Sorry, but after the long plane flight I just didn't feel much like blogging last night. We had a wonderful time in Georgia but it was somewhat exhausting. Nonetheless I went to work today, and here's what I mainly focused on:
Last Friday a three-judge panel of the Sixth Circuit federal court of appeal (Cincinnati) handed down a split decision on the ACLU's challenge to the National Security Agency's program of unwarranted electronic surveillance of Americans in contact with people overseas who had contact with people suspected of being affiliated with al-Qaida or other suspected terrorist groups or individuals. The program, which doesn't require warrants and therefore circumvents the 1978 Foreign Intelligence Surveillance Act (FISA), was begun almost immediately after 9/11 and wasn't known to anybody but the White House, those running it and a few members of Congress (sworn to secrecy) until the New York Times did an extensive story in late 2005.
A district court judge had ruled in this case that the program was facially (legalese for "on its face") illegal and probably unconstitutional and ordered it stopped. That order was stayed while the government's appeal was ongoing, although the administration says they have suspended it (making one wonder how all-fired important it really was), while declaring it has the right to resume it any time, possibly in secret again. The Sixth Circuit ruled that the plaintiffs -- a group of academics, journalists and attorneys who have regular and legitimate contact with people in the Mideast, including people who might be suspected of terrorism -- did not have legal standing to bring the case, since they couldn't show that they themselves had been subject to surveillance, though they testified that they had changed their methods of communicating and some contacts refused to communicate with them once knowledge of the program became public.
There's a legitimate reason for demanding standing -- a showing one has been personally and deleteriously affected -- before allowing a lawsuit. But this ruling sets up a Catch-22. The names of those surveilled is a closely-held government secret that the government isn't about to reveal; I'm pretty sure that although they may have showed some stuff to the judge(s) in camera that they didn't reveal who had been subject to surveillance. So naturally none of the plaintiffs could prove they had been surveilled. I think they should have been given standing, and if they had (as the dissenting judge made clear) it should have been a slam-dunk against the government.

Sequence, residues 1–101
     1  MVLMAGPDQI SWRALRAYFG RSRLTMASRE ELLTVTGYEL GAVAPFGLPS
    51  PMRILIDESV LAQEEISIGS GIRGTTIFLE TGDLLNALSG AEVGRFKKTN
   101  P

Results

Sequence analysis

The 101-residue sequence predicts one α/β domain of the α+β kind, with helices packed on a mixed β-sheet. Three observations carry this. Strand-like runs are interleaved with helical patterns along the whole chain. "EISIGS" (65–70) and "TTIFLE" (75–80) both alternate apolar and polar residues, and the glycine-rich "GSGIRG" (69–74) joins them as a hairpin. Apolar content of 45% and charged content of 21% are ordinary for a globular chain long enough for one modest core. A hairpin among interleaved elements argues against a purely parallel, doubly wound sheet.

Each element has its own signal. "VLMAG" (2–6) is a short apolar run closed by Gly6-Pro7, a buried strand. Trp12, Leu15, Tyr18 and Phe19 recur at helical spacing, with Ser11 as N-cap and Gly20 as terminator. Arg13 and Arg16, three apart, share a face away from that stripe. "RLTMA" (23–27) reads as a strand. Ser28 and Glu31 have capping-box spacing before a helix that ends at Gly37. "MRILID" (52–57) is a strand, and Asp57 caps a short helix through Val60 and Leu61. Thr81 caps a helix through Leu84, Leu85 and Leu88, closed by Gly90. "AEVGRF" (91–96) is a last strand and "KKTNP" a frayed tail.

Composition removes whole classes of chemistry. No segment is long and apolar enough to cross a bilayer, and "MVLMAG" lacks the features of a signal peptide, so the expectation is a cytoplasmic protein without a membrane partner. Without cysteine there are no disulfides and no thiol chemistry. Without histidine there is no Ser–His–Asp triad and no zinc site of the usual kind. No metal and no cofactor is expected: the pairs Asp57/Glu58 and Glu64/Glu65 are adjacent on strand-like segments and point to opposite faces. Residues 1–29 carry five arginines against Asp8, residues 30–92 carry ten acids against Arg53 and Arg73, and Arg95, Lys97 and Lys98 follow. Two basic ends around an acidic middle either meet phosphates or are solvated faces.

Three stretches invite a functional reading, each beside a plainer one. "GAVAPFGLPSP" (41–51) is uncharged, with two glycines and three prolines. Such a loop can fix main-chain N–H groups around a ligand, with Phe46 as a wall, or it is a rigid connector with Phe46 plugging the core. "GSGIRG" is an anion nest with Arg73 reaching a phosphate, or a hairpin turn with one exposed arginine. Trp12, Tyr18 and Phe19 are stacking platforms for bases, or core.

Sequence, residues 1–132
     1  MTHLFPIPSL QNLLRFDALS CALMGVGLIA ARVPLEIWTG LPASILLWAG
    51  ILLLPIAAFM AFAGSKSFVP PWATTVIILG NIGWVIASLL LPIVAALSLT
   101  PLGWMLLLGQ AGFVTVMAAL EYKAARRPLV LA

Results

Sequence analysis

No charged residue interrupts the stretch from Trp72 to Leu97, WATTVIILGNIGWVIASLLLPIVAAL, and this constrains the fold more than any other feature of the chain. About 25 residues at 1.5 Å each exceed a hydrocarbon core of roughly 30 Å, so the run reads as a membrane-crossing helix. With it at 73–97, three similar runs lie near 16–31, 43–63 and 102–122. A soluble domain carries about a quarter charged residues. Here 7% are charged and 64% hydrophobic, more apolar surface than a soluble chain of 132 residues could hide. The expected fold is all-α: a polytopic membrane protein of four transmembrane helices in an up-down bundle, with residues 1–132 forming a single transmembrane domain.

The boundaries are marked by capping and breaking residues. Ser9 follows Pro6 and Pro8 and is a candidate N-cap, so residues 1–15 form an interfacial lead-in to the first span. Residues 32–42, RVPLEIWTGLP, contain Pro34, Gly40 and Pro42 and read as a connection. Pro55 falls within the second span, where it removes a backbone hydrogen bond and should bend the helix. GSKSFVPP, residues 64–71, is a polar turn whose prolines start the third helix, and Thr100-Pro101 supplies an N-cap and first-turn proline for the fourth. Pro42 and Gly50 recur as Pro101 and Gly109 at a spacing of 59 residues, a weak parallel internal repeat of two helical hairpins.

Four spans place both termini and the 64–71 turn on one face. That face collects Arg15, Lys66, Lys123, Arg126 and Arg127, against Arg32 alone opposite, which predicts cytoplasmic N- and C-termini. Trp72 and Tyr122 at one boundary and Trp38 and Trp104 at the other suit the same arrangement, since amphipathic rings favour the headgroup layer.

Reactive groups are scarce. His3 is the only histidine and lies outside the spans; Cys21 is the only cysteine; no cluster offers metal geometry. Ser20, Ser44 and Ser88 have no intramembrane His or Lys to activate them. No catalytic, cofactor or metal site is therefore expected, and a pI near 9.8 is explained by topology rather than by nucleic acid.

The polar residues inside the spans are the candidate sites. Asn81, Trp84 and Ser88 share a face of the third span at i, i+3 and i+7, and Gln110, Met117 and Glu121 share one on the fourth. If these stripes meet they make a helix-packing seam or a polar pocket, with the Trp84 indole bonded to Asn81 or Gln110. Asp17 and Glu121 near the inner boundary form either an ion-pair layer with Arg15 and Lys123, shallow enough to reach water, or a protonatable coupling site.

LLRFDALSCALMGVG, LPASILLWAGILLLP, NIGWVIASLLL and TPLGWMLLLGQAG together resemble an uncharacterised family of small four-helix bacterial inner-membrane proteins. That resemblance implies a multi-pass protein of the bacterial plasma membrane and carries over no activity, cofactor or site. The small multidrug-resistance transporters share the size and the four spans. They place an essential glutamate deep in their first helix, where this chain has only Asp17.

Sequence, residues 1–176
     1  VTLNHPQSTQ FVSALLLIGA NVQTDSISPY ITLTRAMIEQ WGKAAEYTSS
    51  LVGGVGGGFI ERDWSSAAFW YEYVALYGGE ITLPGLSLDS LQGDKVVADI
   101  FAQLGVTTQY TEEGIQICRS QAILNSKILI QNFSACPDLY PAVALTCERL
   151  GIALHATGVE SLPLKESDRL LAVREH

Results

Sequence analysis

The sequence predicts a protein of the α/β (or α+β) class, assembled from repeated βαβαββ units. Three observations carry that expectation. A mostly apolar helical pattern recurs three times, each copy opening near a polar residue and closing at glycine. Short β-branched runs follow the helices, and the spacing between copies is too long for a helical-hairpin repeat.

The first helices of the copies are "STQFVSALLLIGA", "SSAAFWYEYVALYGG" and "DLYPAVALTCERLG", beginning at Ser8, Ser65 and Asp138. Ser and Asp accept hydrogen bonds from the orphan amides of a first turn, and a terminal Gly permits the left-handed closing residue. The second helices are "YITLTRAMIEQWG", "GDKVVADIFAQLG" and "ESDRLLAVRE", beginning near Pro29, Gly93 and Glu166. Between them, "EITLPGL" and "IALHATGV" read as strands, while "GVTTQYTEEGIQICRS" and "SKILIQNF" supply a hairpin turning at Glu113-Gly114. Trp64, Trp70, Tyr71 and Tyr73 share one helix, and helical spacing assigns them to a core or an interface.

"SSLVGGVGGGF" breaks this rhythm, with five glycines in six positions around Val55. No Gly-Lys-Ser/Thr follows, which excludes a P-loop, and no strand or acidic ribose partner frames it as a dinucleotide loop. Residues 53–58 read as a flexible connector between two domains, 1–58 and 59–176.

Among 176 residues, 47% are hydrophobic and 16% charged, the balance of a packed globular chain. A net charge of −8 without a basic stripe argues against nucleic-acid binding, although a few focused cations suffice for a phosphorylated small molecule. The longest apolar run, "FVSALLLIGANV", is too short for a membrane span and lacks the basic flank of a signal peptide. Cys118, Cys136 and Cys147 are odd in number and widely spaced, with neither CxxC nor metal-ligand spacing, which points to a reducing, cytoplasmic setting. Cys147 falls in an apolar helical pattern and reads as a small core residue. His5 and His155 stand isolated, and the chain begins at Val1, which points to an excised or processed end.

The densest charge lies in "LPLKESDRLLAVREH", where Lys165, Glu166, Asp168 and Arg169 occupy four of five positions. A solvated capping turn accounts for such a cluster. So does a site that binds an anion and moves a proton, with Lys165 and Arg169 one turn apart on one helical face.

A couple of additional factors. If the 1978 FISA law was too restrictive or time-consuming in face of the post-9/11 terrorist threat (as plenty of people argued when the NYT story broke) the administration had plenty of time to ask Congress to change the law, and in the months after 9/11 (remember the misbegotten Patriot Act?) Congress would almost certainly have obliged. Instead the administration preferred to operate -- typically -- in almost complete secrecy. This case isn't moot since the program has been suspended, because the administration still claims the "unitary" virtually complete plenary power to resume it at its discretion -- a power the founders would have found appalling. And contrary to what some stories implied, the Sixth Circuit didn't "approve" the program; they never reached the central issues, having punted with the standing argument, and the judge who wrote the majority opinion added that the program did raise at least five troubling potential issues.
I can pretty much guarantee we haven't heard the last of this case or this issue. The ACLU has the resources to appeal, and there's a case soon to come before the 9th Circuit in which a Muslim charity says it actually saw a classified document that named it as one of the groups under surveillance. That should settle the standing issue (though anybody who predicts what a court will do with too much assurance is a bit of a fool).